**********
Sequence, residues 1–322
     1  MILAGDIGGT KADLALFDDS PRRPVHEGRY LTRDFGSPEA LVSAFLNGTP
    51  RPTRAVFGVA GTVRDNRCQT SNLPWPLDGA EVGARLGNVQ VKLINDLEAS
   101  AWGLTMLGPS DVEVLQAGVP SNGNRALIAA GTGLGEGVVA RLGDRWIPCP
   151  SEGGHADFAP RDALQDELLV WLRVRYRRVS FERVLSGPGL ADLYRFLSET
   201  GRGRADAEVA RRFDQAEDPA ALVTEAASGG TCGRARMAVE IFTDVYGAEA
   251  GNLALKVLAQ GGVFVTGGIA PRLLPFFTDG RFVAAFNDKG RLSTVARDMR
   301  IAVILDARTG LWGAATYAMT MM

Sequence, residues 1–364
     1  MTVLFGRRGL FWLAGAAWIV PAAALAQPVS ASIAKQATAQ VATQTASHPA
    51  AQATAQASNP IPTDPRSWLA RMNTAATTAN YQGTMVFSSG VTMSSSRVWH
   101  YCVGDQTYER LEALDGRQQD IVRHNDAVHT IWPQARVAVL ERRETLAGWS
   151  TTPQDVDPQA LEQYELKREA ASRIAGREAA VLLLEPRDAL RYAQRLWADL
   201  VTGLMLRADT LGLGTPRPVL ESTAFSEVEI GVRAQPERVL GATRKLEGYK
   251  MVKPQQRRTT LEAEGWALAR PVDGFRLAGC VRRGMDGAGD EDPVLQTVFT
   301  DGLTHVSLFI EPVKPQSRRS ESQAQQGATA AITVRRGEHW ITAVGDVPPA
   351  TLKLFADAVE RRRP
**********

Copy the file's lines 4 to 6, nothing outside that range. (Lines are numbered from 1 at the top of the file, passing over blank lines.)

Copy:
   101  AWGLTMLGPS DVEVLQAGVP SNGNRALIAA GTGLGEGVVA RLGDRWIPCP
   151  SEGGHADFAP RDALQDELLV WLRVRYRRVS FERVLSGPGL ADLYRFLSET
   201  GRGRADAEVA RRFDQAEDPA ALVTEAASGG TCGRARMAVE IFTDVYGAEA